Australia sanctions 39 Russians under Magnitsky laws

Australia has sanctioned 39 Russians for their alleged links to corruption uncovered by Ukrainian-born Russian lawyer Sergei Magnitsky as well as those who appear to have been involved in his mistreatment and death in a Moscow prison in 2009.

Russian lawyer Sergei Magnitsky was jailed and died after exposing massive tax evasion perpetrated by well-connected Russian officials, businessmen and criminals. (Photo: VOA, Wikimedia, Licence)Magnitsky was imprisoned and died after having exposed massive tax evasion perpetrated by Russian officials, well-connected businessmen and criminals.

Australian Minister for Foreign Affairs Marise Payne said in a statement that in the first group of individuals targeted by the new law were 14 Russians responsible for the corruption that the late lawyer exposed and 25 persecutors and accomplices in his death.

This means that any assets sanctioned persons may have in Australia will be frozen and they will not be able to enter the country.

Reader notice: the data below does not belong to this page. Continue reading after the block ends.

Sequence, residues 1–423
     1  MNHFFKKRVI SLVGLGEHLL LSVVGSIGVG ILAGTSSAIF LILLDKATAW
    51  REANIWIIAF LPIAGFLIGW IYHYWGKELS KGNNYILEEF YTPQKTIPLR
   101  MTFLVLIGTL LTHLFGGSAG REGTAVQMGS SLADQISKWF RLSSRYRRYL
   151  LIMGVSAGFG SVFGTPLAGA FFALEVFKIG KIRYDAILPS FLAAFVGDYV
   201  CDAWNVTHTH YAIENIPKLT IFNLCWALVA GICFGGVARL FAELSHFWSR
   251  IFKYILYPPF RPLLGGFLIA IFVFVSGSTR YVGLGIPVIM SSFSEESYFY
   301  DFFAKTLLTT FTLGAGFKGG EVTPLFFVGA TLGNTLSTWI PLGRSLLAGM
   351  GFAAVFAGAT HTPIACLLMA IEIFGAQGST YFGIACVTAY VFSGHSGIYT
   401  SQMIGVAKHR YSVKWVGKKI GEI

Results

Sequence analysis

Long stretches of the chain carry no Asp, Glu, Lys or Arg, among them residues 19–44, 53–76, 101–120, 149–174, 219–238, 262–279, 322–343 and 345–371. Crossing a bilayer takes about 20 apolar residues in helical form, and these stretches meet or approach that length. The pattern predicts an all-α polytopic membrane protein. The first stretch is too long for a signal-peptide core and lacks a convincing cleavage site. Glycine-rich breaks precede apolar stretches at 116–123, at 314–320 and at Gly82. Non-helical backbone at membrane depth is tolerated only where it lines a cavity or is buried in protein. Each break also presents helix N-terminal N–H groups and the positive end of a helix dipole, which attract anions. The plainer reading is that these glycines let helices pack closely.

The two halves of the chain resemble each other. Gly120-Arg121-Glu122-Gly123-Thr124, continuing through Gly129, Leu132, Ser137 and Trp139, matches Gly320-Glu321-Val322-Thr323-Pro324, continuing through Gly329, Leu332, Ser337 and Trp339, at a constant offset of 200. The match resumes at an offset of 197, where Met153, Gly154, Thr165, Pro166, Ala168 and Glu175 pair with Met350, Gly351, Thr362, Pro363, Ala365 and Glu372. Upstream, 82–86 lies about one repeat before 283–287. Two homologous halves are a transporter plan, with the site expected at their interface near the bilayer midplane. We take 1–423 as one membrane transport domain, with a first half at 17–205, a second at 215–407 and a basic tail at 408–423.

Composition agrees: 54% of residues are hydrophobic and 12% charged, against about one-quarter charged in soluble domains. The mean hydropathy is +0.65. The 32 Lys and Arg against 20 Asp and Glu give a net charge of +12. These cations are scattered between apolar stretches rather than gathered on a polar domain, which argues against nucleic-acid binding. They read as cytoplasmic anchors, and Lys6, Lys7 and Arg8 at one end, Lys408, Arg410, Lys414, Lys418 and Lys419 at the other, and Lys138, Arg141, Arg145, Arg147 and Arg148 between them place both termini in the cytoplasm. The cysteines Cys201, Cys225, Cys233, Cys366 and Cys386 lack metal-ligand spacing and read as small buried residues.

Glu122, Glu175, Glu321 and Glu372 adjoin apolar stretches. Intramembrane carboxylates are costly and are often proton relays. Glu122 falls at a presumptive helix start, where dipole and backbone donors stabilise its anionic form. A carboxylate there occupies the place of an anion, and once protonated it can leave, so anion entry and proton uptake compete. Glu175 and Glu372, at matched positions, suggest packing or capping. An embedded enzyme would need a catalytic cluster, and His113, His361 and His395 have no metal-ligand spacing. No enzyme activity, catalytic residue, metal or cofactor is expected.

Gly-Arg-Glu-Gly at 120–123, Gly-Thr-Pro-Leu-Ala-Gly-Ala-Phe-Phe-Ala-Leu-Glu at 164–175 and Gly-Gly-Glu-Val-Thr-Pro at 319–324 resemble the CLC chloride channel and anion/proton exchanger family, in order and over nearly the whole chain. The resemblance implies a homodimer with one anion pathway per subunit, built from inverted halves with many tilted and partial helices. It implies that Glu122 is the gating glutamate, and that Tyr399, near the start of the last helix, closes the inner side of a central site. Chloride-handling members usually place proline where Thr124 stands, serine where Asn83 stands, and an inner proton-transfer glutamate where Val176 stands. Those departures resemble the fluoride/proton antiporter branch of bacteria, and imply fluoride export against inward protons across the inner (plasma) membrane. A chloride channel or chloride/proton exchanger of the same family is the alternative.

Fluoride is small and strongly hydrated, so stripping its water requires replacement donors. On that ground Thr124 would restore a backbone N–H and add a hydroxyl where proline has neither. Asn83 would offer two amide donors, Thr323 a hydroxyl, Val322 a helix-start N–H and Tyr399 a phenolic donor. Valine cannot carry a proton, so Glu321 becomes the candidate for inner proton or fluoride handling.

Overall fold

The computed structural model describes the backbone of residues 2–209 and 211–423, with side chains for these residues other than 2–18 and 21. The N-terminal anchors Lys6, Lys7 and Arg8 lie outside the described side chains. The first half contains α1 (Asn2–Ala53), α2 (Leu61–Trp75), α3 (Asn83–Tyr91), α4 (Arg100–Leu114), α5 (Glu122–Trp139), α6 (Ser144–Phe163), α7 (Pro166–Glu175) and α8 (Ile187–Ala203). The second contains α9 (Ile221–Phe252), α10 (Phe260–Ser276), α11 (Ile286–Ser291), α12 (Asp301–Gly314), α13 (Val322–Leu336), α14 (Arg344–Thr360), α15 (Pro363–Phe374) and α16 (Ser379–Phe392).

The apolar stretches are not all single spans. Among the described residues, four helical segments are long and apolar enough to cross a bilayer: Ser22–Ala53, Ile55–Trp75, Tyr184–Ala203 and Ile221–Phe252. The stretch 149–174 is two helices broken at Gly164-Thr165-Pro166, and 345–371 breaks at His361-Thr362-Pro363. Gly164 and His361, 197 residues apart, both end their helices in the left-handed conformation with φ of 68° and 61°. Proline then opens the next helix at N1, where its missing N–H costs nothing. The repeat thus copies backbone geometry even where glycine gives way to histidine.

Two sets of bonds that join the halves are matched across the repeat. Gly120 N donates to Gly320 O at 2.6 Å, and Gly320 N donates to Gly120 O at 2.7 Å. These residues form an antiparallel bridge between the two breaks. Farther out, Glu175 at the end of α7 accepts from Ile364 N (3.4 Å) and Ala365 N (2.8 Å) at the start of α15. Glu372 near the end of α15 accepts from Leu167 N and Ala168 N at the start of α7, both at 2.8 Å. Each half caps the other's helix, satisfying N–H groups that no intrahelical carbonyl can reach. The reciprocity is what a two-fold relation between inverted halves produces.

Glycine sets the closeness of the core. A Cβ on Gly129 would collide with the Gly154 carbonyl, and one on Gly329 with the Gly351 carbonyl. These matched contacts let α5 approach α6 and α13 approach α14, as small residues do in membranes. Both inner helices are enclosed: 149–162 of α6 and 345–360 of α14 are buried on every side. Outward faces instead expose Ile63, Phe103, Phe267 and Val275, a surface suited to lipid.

“This will ensure that Australia does not become a haven for those who are already excluded from like-minded countries and their financial systems,” Payne said.

The Australian Government may enact these thematic sanctions targeting those responsible for serious human rights violations, serious corruption, malicious cyber activity or other activities since December last year, when the Magnitsky-style amendments were passed.

Magnitsky died in suspicious circumstances after revealing large-scale tax evasion in Russia affecting investment firm Hermitage Capital Management. At the time, he revealed that with the help of Interior Ministry employees, officials from two Moscow tax offices and 11 judges, a convicted killer literally ‘stole’ the property of the city. ‘Hermitage, OCCRP reported.

On behalf of Hermitage, the authors fraudulently claimed the largest tax refund in Russian history: $230 million.

Despite signs that Russian police were involved in the scheme, Magnitsky opted to stay in Moscow. He was arrested and died in prison a year later.

A law passed by the US Congress in 2012 allowed authorities to crack down on human rights abusers and later on those suspected of corruption. Several countries have followed suit and passed similar laws.

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